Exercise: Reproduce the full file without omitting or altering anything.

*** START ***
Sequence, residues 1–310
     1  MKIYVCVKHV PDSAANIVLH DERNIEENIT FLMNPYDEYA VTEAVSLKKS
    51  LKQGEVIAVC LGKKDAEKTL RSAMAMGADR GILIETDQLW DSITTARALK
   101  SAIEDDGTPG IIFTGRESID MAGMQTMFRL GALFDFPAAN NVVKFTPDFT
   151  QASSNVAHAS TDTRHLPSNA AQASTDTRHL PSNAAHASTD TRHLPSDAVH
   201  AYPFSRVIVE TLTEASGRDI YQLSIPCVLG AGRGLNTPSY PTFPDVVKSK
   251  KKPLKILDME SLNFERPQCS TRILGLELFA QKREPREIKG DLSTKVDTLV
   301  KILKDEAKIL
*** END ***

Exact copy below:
Sequence, residues 1–310
     1  MKIYVCVKHV PDSAANIVLH DERNIEENIT FLMNPYDEYA VTEAVSLKKS
    51  LKQGEVIAVC LGKKDAEKTL RSAMAMGADR GILIETDQLW DSITTARALK
   101  SAIEDDGTPG IIFTGRESID MAGMQTMFRL GALFDFPAAN NVVKFTPDFT
   151  QASSNVAHAS TDTRHLPSNA AQASTDTRHL PSNAAHASTD TRHLPSDAVH
   201  AYPFSRVIVE TLTEASGRDI YQLSIPCVLG AGRGLNTPSY PTFPDVVKSK
   251  KKPLKILDME SLNFERPQCS TRILGLELFA QKREPREIKG DLSTKVDTLV
   301  KILKDEAKIL